It was on this tour that I learned something about the City Beautiful movement. This philosophy was prompted by the overcrowding of urban tenements in American cities, caused by a high birth rate, immigration and the relocation of rural inhabitants to the cities. Its aim was to improve the lives of city dwellers; its critics thought there was too much concern with aesthetics and not enough with social reform.
About 90% of the Outremont that we know today was built between 1890 and 1930, when the City Beautiful movement was at its height. The city used architectural zoning laws to control its development. For example, the northern end was designated as industrial, with working-class housing nearby, transitioning to homes for the middle-class and, near the southern border, to residences for the most affluent. Commerce was restricted to two main arteries.
All homes were required to have 20-foot setbacks from the sidewalks, meaning that everyone had a front garden. Back alleys concealed delivery trucks, power lines, clotheslines and trash pick-up. Even though only a small number of architects was responsible for the vast majority of houses, an attempt was made to have a variety of facades, giving visual texture and interest to the streetscape.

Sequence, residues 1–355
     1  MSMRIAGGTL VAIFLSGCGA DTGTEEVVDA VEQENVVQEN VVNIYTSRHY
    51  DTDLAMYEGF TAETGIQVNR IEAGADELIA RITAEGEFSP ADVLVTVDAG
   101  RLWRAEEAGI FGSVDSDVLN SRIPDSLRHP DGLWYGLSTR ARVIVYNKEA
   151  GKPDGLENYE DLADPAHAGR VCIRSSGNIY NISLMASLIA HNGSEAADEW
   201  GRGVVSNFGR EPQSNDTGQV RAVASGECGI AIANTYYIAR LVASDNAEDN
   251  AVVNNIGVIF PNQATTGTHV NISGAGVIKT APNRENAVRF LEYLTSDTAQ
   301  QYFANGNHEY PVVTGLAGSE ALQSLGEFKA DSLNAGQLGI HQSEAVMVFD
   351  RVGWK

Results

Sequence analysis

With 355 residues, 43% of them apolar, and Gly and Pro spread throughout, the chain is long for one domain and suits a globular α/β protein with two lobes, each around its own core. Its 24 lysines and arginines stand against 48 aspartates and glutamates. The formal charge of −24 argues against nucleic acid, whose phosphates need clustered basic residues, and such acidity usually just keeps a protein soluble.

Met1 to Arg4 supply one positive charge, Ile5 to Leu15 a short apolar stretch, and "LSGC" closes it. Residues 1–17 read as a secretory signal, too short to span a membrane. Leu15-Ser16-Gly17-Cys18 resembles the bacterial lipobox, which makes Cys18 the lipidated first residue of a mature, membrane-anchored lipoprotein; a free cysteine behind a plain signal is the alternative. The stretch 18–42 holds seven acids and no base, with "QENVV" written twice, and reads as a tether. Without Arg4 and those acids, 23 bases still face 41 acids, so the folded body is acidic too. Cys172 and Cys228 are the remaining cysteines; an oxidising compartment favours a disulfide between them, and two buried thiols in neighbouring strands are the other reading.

Residential architecture in Outremont has aged well. What were originally planned as homes for the working class now strike us as a notch or two above that.
Our guide scoffed at the ideals of the City Beautiful movement, whose advocates believed that its principles would foster "upright moral character" in its inhabitants. But I think that people are affected by their environments, and that a quiet and orderly neighbourhood, with access to green spaces, will go a long way to alleviating stress in urban dwellers. When you observe which neighbourhoods have held their value over the decades, you'll often find that those with the most stringent building codes fare best.
Too, the parks and the alleyways, as well as the public institutions, all afford residents opportunities to form connections and a sense of ownership.
What wasn't mentioned on the guided tour is that the community is now somewhat divided, between a large Hassidic minority and the non-Hassidic majority. Zoning restrictions on synagogues are one source of conflict. Even the best-intentioned building codes cannot always resolve such issues.